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Episode 52: Naturally Ethical Photography
“Every piece of art that moves us has a soul of its own.”
About the Photographer
Started as a young teen in southeast Montana
Saved up enough money for a lens
Naturally Ethical Photography
What is it?
Becoming part of the environment you’re photographing
Not disturbing the wildlife
Not using bait, calls, or chasing the animals
Your best approach to wildlife photography is LOW, SLOW, and QUIET.
The best shots come from not putting any pressure on the animals.
This requires patience and study.
Scouting day for new locations – take pictures, but pay very close attention to the surrounding environment and the patterns of behavior of the animals. Make mental notes of where they go (trails, feeding areas, nesting areas, etc.) as well as the location of the sun when they’re there. Now when you come back, you can be set up ahead of their arrival to that location.
You must be nonthreatening enough for them to accept your presence. There is no hiding from wildlife – with their heightened senses, they know where you are.
You must be situationally aware – there are a lot of dangers – snakes, alligators, and BOAR!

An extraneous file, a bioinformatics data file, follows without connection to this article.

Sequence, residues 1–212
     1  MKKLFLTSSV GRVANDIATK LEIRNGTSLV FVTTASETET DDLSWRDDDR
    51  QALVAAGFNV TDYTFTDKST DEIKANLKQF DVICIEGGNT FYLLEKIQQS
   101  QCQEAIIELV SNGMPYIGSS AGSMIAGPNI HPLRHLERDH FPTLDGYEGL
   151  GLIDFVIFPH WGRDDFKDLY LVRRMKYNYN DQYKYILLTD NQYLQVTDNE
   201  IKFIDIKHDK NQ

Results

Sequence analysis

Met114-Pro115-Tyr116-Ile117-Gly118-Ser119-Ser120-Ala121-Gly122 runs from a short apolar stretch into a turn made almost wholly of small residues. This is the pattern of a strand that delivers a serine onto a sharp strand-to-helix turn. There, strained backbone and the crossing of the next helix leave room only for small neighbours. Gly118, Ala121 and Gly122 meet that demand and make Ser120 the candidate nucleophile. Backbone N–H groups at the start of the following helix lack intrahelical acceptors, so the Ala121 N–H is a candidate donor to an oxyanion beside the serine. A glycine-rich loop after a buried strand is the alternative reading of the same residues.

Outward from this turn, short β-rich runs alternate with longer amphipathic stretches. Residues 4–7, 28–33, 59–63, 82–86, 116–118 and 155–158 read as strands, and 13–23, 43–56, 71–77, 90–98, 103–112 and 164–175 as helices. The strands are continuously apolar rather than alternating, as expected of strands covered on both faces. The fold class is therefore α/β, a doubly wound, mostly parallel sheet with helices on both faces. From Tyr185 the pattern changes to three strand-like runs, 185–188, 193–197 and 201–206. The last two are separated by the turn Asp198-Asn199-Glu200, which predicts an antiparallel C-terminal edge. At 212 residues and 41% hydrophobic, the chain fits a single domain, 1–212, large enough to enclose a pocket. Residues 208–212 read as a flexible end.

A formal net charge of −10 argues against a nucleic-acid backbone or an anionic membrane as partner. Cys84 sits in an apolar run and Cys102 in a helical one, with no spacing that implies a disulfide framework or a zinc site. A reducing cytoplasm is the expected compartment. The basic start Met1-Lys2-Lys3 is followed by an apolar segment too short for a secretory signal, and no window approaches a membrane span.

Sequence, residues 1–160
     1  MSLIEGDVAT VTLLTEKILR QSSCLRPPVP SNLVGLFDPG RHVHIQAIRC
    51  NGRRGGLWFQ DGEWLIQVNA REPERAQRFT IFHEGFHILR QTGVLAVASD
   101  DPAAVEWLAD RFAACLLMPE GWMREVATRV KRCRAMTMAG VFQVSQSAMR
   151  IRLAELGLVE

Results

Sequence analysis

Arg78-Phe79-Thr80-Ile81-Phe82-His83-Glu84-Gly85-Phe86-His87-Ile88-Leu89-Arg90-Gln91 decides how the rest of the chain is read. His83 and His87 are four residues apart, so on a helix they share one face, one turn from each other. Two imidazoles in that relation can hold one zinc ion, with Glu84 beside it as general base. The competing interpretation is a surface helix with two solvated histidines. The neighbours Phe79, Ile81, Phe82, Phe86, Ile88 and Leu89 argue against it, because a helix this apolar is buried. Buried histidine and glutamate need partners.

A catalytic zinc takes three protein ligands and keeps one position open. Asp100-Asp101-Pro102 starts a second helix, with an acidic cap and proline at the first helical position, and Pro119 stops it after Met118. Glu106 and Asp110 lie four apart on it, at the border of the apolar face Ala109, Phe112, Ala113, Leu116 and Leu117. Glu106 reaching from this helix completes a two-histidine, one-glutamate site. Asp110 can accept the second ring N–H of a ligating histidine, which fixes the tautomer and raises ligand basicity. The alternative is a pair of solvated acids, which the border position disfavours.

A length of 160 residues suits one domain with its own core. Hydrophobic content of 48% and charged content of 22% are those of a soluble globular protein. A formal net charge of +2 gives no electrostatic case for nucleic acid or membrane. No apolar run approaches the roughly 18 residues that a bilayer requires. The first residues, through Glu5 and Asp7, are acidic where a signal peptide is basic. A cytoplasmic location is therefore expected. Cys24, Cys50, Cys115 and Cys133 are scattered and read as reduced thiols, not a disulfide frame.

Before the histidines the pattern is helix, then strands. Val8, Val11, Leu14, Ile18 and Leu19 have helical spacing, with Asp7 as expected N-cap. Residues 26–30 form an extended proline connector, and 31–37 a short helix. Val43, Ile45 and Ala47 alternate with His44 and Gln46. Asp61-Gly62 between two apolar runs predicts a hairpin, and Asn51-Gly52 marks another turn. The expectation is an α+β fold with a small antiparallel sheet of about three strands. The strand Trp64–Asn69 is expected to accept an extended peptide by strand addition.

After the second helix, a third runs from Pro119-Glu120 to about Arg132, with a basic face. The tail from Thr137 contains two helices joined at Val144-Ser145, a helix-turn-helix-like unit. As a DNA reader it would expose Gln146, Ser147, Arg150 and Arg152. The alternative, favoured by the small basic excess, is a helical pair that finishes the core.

Realize that you’re a guest in their house and show respect for the animals and their environment.
Look for agencies and opportunities that share your beliefs.
Contact your local Audubon Society and Nature Conservancy and offer your time and images.
Enter contests – winning is nice, but you can also get some good feedback on your work.
Winning images are not just good pictures, they’re HIGH IMPACT pictures.
What makes a High Impact picture?
– the recon, low, slow and quiet technique
– the WOW comes with a CONNECTION to the subject – when you’re relaxed and in tune with the environment, the subject becomes more relaxed and trusting of you, allowing for better opportunities for great shots.
“Never take to heart a critique from someone whose work you don’t admire.”
Critique your own work – push yourself to continue to be better, but don’t beat yourself up.
“The best feedback is seeing someone emotionally moved by your image.”
Remote areas, lakes with no development – places he can only reach with his kayak.
Bob’s images have been published in multiple places, including the 2017 calendar from the National Audubon Society.
See you next week for episode 53!